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To Walt Disney World in a Motor Home - Part 1


In two previous blogs I've told you about Halloween at Disney's Fort Wilderness Resort & Campground and I've described all the reasons why our dogs enjoy vacationing there. We just love "The Fort"; it's the best campground we've ever found and we always look forward to taking the RV there!

Have you wondered what it would be like to travel to your favourite vacation destination in a small house that rolls down the highway? There are no suitcases to carry, no weight restrictions, no limits to what we can bring and every night we sleep in our own bed! It's a great way to travel and we really enjoy it! Let me describe the experience for you.

On our first day we're always up bright and early, full of excitement. The RV is mostly packed so while Carol moves the last few perishable items from the fridge in the house to the fridge in the motor home I take the car to Tim Horton's and hurry back with coffee and a bite of breakfast. Then we check the lights on the car we tow behind the rig - yup, they work fine! The last chore is to hook the dog's harnesses to the seat belts on the couch and off we go. Zak and Blue are seasoned travellers and are quite cozy there. We usually pull away at about 7:00 a.m. We will travel 382 miles to Harrisburg Pennsylvania before we stop for the night.


This is when Carol can finally relax! She has been busy for days getting ready. We can't park the RV at home very long; it's too big to fit in our driveway. So Carol begins assembling everything we're taking along and she stacks most of it in a spare bedroom. The day before departure we pick up the motor home from the storage barn about 20 miles away, pull it up in front of the house and fill it with everything we'll need. Do I need warm weather clothes or cool weather clothes? Doesn't matter - bring them all and hang them in the closet. Clothing, food, cameras, computers, lawn chairs, totes full of decorations to fit the season and so much more, we stow it all away, hang the bikes on the bike rack and hook up the tow-car. Aaah! Now we're ready to leave in the morning!

Within five minutes of departure we are eastbound on the freeway, Highway 401, for about 25 miles then we turn south and cross the Ivy Lea Bridge to Hill Island. This is the same bridge you see in the CircleVision Theatre at EPCOT's Canada Pavilion. When you fly down that beautiful section of the St. Lawrence River, dotted with islands and see that huge bridge you are less than 25 miles from or home.


Riding in the RV is much different than riding in your car. One of the big advantages is that you sit up high, well above the guard rails and barriers. The sight lines are great and we can see so many things that you miss riding in a car. Even when we are stuck behind a long line of traffic we can see over top of the cars ahead and determine what's going on well ahead of us.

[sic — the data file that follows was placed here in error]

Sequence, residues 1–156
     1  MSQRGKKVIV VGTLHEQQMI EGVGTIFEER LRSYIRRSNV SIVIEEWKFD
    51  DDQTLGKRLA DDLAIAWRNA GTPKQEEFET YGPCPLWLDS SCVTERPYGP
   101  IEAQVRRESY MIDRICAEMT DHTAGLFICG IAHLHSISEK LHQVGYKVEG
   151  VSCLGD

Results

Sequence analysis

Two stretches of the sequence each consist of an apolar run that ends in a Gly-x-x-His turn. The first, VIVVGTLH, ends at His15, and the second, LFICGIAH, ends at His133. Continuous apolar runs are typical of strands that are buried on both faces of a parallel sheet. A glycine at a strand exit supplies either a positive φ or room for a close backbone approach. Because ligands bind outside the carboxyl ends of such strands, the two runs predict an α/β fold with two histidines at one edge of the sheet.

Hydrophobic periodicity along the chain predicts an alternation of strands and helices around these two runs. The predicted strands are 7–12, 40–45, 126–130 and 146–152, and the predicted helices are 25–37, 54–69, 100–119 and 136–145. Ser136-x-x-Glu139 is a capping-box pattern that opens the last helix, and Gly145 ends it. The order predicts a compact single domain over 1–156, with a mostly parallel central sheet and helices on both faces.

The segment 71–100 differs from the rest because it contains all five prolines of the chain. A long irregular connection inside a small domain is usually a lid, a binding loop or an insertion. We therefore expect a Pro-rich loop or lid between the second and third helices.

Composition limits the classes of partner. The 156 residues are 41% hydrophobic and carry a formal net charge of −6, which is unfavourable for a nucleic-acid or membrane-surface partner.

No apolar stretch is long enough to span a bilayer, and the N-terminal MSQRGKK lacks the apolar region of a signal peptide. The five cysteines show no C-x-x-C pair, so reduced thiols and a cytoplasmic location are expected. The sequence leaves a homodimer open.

The Canada/US border runs between Hill Island, Ontario and Wellesley Island, New York. There is seldom a long line when we arrive at about 7:30 a.m. so we are quickly through Immigration and southbound on Interstate 81. The process is much the same as if you were driving your car, you pull up, hand your passports out the window, answer a few quick questions and they hand back the passports and wave you on. Soon we cross the next bridge over the St. Lawrence as we leave Wellesley Island behind and continue south on the mainland.

The first few hours, through the most northern part of New York State, we see almost no traffic as we drive through rolling hills. I just set the cruise control at about 63 miles per hour and we watch the miles roll by! We move a bit slower than most traffic so I keep an eye on the mirrors and the back-up camera. That's the only way I can see the tow-car, it doesn't show in my mirrors.

Once we pass Syracuse the hills become a little larger and begin to think that they are mountains and of course they are! We're in the Appalachians. I-81 climbs and descends again and again as it winds its way through the mountains, following the course of the Susquehanna River. Soon we pass Binghamton and by the time we cross into Pennsylvania, at about 11:00 a.m., we are faced with some serious mountains. The transmission gears down and the engine roars a bit as we climb the steepest of slopes but we seldom lose any speed. Once we break over the top and begin to descend the cruise control acts as an engine brake to control our speed as we go down. This too causes the engine to roar and I occasionally have to use the brake pedal to slow us down. The dogs don't like the mountains; the engine roar disturbs their sleep. Carol occasionally roars too, "Do you know how fast you're going?" This also disturbs the puppies!


We make our first fuel stop in northern Pennsylvania. Gasoline is about 30% cheaper in the USA; we pay very high gas taxes in Canada so we do not fill up at home if we can avoid it.